Every year since 2008, Detroit Garden Works and Deborah Silver and Co have jointly sponsored a garden tour to benefit the programs of the Greening of Detroit. This non-profit organization is devoted to promoting healthy urban spaces through green initiatives. In more concrete terms, they have planted 89,000 trees in the city of Detroit since 1989. I sit on their board of commissioners, although my participation largely centers around this event. We make an effort to raise money for them – over 84,000.00 in the past 7 years.
The money we raise goes towards sponsorship of programs for which there is little or no grant money available. In one such program, the Greening hires young people to fill summer jobs that involve watering trees, and looking after Greening sponsored farms. I have to believe that the experience is a good one. I am all for any program which promotes stewardship of the environment, and a love and respect for nature.
This year’s tour features 7 gardens, five of which were designed and planted by Deborah Silver and Co. The other two belong to gardeners who have done all of their own design and installation work, and have shopped at Detroit Garden works for their pots, furniture, ornament, fountains, sculpture and tools. I have put my own garden on tour every year. People who take our tour every year do not seem to tire of that. I always make some changes in the garden or landscape. And the scheme for planting my pots changes.
The horseradish plant that I planted for Buck has reached an alarmingly magnificent size-as I knew it would. Be sure to take a look at it. If you are relieved the plant is in my yard, and not yours, I completely understand.
We charge 35.00 for a tour ticket, and 50.00 for a tour and reception ticket. For the extra 15.00, we provide enough great food to satisfy hungry people who have been touring all day, and Rob’s current roster of summer cocktails. His gin and tonics are on hand every year, as is his selection of white wines. He will also have available a small group of more unusual summer cocktails-every year that group is different. This years reception will also feature live music from a very very talented local musician – Tola Lewis. And as always, there is always much lively discussion of the landscapes and gardens that were part of the tour.
100% of all of the proceeds from the sale of tickets for the tour go directly to the Greening of Detroit. We do what we can to make the process of contributing to an organization whose work is so vital to our city a great experience. I am very pleased to report that this year’s tour features a wide variety of landscapes and gardens, all of which are interesting in their own way.
One landscape completed only a few months ago shows how a very large property can be designed to be friendly to entertaining friends, family, -and the family dogs – and still be beautiful and visually satisfying. Seeing a landscape that is newly installed is the best possible view of how any successful landscape depends on the creation of a solid framework – a good set of bones. Another landscape has been developed over the past 15 years, and features mature trees and shrubs. This garden has unusual trees and shrubs, in contrast to areas that have recently been reworked. No landscape, no matter how old, is ever truly done. The overall feeling of this landscape is relaxed, informal and serene.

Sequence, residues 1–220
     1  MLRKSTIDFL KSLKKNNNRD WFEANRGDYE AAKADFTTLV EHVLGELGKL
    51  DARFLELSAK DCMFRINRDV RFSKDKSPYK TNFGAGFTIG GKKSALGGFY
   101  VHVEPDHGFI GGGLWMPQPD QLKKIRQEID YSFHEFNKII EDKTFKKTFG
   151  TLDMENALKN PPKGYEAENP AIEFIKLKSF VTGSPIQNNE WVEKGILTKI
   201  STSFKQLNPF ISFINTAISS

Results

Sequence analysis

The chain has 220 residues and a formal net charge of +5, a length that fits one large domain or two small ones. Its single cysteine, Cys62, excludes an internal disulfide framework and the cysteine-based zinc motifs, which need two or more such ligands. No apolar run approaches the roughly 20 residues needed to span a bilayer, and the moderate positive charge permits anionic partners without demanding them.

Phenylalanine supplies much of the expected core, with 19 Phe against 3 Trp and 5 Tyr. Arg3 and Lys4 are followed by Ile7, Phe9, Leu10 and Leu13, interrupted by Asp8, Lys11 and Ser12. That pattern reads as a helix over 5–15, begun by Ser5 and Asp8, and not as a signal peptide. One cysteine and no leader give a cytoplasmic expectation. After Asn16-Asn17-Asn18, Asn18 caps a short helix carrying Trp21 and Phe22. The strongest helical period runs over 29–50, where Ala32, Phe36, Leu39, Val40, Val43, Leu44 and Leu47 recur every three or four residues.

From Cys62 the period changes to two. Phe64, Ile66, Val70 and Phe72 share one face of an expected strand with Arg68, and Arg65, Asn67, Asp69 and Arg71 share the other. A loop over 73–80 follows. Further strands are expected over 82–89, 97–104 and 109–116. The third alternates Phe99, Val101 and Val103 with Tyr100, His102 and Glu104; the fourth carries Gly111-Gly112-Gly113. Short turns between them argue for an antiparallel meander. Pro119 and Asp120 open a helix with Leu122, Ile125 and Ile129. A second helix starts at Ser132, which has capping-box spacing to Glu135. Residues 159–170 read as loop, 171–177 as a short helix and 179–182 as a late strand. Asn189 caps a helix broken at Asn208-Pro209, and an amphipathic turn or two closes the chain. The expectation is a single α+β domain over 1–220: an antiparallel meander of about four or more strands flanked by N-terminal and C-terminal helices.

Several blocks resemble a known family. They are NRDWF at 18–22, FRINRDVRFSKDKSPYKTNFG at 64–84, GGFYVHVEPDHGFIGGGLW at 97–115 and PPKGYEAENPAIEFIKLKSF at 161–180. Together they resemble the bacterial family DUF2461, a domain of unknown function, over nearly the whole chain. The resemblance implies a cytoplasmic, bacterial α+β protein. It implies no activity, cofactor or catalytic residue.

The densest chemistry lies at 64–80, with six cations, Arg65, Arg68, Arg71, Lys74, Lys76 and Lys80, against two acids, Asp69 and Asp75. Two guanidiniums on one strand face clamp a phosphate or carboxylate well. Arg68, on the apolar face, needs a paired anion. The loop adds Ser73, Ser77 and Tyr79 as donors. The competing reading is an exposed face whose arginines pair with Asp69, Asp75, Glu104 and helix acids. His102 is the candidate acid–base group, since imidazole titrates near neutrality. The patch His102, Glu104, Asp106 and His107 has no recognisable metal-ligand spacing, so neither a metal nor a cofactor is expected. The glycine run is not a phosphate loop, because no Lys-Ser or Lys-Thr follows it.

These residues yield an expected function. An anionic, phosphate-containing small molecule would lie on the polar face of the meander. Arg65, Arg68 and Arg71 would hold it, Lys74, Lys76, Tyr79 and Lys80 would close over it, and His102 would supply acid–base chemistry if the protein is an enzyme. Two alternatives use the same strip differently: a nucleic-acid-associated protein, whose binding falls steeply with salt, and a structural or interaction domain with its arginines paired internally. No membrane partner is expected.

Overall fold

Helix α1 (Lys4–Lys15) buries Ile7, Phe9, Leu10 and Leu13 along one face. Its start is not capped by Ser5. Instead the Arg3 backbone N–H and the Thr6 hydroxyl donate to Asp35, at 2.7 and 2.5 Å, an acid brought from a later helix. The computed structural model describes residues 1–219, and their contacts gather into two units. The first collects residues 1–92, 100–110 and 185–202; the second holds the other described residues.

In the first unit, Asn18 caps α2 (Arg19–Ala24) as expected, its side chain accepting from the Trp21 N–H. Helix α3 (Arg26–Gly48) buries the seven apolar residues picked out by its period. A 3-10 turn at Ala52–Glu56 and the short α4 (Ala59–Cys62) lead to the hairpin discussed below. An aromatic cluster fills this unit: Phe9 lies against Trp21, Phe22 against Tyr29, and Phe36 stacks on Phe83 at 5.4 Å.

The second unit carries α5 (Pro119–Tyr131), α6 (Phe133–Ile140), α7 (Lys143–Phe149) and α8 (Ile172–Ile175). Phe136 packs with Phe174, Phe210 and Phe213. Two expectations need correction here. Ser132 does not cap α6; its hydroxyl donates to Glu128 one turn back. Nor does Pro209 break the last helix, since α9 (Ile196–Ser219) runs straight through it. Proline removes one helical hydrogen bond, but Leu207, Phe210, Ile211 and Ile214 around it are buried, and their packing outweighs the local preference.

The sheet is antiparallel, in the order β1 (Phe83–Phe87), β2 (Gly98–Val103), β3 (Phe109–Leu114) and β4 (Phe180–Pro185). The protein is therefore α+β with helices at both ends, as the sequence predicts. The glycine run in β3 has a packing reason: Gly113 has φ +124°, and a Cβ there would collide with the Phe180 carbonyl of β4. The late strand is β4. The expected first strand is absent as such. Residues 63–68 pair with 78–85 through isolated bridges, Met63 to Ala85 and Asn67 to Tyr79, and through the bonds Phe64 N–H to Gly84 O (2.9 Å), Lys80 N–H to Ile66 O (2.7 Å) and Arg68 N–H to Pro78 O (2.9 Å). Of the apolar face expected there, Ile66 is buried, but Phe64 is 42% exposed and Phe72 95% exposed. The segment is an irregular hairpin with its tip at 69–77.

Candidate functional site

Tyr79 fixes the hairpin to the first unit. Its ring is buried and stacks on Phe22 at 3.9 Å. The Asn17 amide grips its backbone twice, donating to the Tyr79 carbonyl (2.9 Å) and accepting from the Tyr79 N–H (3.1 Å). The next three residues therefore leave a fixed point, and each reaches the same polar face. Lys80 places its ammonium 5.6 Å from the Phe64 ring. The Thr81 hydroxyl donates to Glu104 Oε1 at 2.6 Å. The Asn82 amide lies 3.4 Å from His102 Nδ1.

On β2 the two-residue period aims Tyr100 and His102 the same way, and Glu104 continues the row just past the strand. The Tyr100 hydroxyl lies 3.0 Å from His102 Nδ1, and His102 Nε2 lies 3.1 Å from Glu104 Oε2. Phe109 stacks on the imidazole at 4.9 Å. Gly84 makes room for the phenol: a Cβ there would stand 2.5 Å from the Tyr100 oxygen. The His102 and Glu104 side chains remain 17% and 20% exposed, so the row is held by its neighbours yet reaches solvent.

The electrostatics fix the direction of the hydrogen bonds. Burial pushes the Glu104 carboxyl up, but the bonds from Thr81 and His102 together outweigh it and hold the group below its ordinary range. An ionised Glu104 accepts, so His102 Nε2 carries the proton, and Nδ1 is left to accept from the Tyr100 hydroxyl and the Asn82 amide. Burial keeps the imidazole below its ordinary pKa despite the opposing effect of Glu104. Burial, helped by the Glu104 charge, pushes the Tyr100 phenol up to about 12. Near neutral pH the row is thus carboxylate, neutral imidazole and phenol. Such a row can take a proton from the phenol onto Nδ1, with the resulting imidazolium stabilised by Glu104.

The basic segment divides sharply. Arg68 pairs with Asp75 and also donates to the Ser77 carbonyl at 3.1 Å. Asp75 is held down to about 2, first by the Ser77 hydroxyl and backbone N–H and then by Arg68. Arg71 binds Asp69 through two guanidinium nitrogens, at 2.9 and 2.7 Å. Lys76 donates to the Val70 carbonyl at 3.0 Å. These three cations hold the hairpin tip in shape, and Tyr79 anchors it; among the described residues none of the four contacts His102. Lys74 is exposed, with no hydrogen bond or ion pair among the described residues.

Another large landscape is but a few years old, and is the product of a close collaboration between an experienced and dedicated gardener, and a designer. It features a number of perennial gardens, featuring unusual varieties of plants. One garden is comprised of an interesting mix of dwarf shrubs and perennials. Another area is planted with shrubs, and presided over by a collection of columnar sweet gum. Another area features roses and perennials. Of interest is a large collection of espaliers, both fruiting and ornamental, and a large pond with all of the pond plants to go with.
Yet another landscape features an older home of classic traditional architecture in a neighborhood setting. The landscape is very formal. A large pergola and a collection of custom made containers from the Branch studio punctuate the space. A large rear terrace features a lovely lead fountain of English origin. Custom handmade fencing and gates provides a secure yard for dogs and grandchildren. A lovely semicircular hedge of Venus dogwoods provide screening and privacy.
Another landscape is modeled after Monterey Square in Savannah-a childhood home. This very formal garden has an incredibly lovely old home grounding it. Yet another features a landscape with a strong eye for outdoor living, a level of whimsy that enchants the younger members of the household, and a passion for strong color.